The Hershey fonts are a collection of vector fonts developed c. 1967 by Dr. Allen Vincent Hershey at the Naval Weapons Laboratory, originally designed to be rendered using vectors on early cathode ray tube displays. Decomposing curves to connected straight lines allowed Hershey to produce complex typographic designs. In their original form the font data consists simply of a series of coordinates, meant to be connected by straight lines on the screen. The fonts are publicly available and have few usage restrictions. Vector fonts are easily scaled and rotated in two or three dimensions; consequently the Hershey fonts have been widely used in computer graphics, computer-aided design programs, and more recently also in computer-aided manufacturing applications like laser engraving.
The Hershey vector fonts used by IDL were digitized by Dr. A.V. Hershey of the Naval Weapons Laboratory. Characters in the vector fonts are stored as equations, and can be scaled and rotated in three dimensions. They are drawn as lines on the current graphics device, and are displayed quickly and efficiently by IDL. The Hershey vector fonts are built into IDL itself, and are always available.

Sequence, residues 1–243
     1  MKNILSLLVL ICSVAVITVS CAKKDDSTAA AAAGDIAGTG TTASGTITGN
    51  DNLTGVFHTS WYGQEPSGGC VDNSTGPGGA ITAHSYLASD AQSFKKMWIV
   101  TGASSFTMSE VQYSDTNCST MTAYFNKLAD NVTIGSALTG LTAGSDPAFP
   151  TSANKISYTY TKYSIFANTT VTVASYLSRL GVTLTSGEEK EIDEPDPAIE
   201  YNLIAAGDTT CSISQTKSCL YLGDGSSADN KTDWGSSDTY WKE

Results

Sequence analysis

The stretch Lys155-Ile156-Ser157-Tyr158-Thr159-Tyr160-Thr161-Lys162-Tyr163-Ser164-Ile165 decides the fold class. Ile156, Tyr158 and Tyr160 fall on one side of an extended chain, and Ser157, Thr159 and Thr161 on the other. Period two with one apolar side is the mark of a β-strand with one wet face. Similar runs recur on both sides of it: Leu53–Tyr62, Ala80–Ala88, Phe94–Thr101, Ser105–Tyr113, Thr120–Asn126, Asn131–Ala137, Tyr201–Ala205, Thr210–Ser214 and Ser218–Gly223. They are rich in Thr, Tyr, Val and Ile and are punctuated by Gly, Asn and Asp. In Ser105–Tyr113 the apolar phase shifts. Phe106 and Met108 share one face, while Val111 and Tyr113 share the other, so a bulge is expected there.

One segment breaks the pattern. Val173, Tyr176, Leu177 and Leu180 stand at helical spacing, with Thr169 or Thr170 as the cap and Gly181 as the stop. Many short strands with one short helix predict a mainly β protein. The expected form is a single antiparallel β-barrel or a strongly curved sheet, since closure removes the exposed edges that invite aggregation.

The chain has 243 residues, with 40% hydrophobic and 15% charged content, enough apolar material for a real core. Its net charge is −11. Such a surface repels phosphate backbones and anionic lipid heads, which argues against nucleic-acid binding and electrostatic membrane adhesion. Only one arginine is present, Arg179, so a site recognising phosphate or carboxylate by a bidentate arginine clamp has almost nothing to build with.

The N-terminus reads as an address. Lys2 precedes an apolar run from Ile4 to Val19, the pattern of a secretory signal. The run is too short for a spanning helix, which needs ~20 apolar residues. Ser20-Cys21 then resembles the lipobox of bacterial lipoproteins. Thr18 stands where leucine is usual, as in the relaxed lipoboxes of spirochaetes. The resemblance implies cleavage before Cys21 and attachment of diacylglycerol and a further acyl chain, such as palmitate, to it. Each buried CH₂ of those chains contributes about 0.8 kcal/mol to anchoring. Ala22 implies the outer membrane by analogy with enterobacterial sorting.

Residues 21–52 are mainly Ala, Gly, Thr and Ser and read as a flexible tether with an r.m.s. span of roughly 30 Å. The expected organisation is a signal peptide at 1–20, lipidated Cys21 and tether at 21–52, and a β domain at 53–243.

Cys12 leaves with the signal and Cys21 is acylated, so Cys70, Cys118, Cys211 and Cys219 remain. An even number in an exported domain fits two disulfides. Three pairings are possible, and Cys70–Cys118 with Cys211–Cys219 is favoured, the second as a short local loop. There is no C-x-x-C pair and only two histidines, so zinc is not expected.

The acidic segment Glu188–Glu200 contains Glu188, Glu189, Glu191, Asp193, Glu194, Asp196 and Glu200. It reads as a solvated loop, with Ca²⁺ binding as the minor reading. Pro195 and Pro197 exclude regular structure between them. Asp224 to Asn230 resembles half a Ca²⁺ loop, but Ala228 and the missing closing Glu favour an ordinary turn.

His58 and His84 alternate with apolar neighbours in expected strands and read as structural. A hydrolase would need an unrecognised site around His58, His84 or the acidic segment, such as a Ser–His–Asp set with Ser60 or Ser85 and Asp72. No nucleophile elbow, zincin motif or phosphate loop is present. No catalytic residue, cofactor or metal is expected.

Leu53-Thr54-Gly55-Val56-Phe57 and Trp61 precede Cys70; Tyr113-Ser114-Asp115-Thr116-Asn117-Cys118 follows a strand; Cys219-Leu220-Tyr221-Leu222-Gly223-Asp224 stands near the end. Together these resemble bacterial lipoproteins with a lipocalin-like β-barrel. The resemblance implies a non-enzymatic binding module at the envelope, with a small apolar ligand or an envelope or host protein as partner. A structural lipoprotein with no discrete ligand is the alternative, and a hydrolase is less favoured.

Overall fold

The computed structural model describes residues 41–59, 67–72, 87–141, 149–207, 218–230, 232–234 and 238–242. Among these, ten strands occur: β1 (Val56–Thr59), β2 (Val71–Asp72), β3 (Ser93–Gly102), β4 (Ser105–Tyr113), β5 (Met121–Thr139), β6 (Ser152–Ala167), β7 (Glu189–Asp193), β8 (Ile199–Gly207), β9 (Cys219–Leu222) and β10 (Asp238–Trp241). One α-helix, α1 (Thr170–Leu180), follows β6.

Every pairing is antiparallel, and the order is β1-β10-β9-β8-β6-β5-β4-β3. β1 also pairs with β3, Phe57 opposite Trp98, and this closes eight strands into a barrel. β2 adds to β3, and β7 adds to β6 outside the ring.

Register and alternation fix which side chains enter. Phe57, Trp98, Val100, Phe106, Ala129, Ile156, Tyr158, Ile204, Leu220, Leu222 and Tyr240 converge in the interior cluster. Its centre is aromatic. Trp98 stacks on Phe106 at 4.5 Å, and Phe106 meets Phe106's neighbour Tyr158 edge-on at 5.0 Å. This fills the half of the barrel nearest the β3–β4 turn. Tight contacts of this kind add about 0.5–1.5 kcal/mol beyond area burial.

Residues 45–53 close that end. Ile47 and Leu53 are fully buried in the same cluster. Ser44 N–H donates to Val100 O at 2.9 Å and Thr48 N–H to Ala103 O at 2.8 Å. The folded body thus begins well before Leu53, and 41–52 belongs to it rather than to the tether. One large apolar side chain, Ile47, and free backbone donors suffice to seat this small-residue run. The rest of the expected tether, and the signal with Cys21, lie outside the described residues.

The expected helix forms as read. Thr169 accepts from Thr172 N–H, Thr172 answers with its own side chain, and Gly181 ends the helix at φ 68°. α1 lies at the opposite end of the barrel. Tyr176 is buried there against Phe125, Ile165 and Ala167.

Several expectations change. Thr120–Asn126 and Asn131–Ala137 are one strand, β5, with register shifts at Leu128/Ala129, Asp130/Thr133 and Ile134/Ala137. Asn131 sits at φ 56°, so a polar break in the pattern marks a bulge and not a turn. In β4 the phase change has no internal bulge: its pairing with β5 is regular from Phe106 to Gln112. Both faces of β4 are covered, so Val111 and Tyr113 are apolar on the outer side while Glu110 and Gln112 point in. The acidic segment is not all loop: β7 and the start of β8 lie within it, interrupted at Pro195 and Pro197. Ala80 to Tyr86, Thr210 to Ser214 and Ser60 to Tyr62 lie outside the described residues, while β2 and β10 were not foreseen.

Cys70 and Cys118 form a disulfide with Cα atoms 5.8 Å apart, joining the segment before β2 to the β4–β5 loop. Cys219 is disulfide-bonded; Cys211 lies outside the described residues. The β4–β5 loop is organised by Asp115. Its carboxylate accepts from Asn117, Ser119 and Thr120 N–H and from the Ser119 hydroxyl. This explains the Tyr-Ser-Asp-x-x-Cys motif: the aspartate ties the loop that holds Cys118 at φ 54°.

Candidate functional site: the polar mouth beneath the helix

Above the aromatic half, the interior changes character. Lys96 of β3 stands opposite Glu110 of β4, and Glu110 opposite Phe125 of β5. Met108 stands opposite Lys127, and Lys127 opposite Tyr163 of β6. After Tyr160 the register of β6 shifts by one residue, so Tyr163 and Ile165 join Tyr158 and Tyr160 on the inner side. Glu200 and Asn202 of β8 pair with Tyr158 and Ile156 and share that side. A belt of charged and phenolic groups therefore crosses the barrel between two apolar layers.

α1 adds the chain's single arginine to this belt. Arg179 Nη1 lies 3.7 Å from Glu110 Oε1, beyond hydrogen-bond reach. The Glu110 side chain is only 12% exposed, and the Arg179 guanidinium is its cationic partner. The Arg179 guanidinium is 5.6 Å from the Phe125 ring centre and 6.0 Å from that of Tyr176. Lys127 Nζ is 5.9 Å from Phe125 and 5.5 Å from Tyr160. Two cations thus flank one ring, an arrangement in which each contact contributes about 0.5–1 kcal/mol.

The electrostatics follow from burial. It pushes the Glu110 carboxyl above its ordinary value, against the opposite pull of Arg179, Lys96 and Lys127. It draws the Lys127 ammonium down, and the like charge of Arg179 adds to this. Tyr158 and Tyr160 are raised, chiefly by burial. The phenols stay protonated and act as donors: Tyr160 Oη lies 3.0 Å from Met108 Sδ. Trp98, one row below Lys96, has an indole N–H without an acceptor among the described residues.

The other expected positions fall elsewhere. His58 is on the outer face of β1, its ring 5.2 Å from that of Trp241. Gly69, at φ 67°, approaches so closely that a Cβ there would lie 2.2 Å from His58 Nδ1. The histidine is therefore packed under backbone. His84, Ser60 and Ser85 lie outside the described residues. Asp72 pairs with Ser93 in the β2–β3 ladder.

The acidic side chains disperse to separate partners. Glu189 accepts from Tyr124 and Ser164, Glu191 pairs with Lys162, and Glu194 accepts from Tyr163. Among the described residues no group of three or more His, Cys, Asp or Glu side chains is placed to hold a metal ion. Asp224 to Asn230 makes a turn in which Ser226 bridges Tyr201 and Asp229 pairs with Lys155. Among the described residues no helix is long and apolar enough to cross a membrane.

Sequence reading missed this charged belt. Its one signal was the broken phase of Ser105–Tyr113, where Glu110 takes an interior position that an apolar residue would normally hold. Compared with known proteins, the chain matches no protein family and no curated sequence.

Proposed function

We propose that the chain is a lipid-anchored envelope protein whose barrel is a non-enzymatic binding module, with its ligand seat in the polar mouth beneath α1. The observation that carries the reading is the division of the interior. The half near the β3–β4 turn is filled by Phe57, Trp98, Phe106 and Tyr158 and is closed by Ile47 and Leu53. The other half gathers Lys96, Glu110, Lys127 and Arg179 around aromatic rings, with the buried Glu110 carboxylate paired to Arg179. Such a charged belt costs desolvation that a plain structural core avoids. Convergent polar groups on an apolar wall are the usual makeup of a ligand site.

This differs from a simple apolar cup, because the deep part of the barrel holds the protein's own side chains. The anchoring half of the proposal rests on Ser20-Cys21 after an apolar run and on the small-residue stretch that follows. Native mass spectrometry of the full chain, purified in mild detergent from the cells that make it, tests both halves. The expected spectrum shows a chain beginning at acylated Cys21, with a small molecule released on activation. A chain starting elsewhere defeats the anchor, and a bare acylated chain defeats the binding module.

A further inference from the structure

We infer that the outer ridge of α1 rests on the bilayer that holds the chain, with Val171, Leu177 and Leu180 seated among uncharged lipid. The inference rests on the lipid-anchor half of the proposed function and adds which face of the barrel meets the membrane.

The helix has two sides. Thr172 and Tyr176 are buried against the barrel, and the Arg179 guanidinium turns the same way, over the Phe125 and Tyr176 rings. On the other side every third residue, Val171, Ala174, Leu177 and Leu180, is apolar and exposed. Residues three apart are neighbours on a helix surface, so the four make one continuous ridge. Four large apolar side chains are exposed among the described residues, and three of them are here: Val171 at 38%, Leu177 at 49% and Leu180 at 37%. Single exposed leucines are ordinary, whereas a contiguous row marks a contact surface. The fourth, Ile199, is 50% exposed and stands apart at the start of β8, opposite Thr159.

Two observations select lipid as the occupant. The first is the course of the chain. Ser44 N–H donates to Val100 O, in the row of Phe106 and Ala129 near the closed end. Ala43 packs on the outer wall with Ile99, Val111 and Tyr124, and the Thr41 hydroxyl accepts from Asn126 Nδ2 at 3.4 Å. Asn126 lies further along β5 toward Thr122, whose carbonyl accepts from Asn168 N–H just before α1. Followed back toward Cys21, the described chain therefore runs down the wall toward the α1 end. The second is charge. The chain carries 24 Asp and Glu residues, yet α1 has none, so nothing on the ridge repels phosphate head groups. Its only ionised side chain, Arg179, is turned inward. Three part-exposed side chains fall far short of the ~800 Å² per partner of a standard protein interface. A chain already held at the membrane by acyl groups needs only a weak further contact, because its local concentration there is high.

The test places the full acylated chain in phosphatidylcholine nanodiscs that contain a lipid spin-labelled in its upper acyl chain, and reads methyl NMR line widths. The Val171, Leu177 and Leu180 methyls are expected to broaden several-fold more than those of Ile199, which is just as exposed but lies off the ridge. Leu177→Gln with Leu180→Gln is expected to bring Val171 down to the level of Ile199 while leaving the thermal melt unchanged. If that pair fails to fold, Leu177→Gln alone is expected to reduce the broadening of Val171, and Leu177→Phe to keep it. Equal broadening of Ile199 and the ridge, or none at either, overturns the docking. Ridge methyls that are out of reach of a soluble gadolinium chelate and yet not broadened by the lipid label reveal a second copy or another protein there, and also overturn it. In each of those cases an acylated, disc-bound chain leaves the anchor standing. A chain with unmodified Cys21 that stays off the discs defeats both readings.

A large amount of digital fonts is available for free on the web. One challenge with these fonts using a plotter is that the standard font formats (True Type .ttf and Open Type .otf) are defined by its outline. These outline paths are closed paths and the format require closed paths. When I use my plotter for writing text I will typically prefer to draw the centerline (single line) not the outline. The centerline is typically an open path and are therefore not accepted by the ttf/otf format.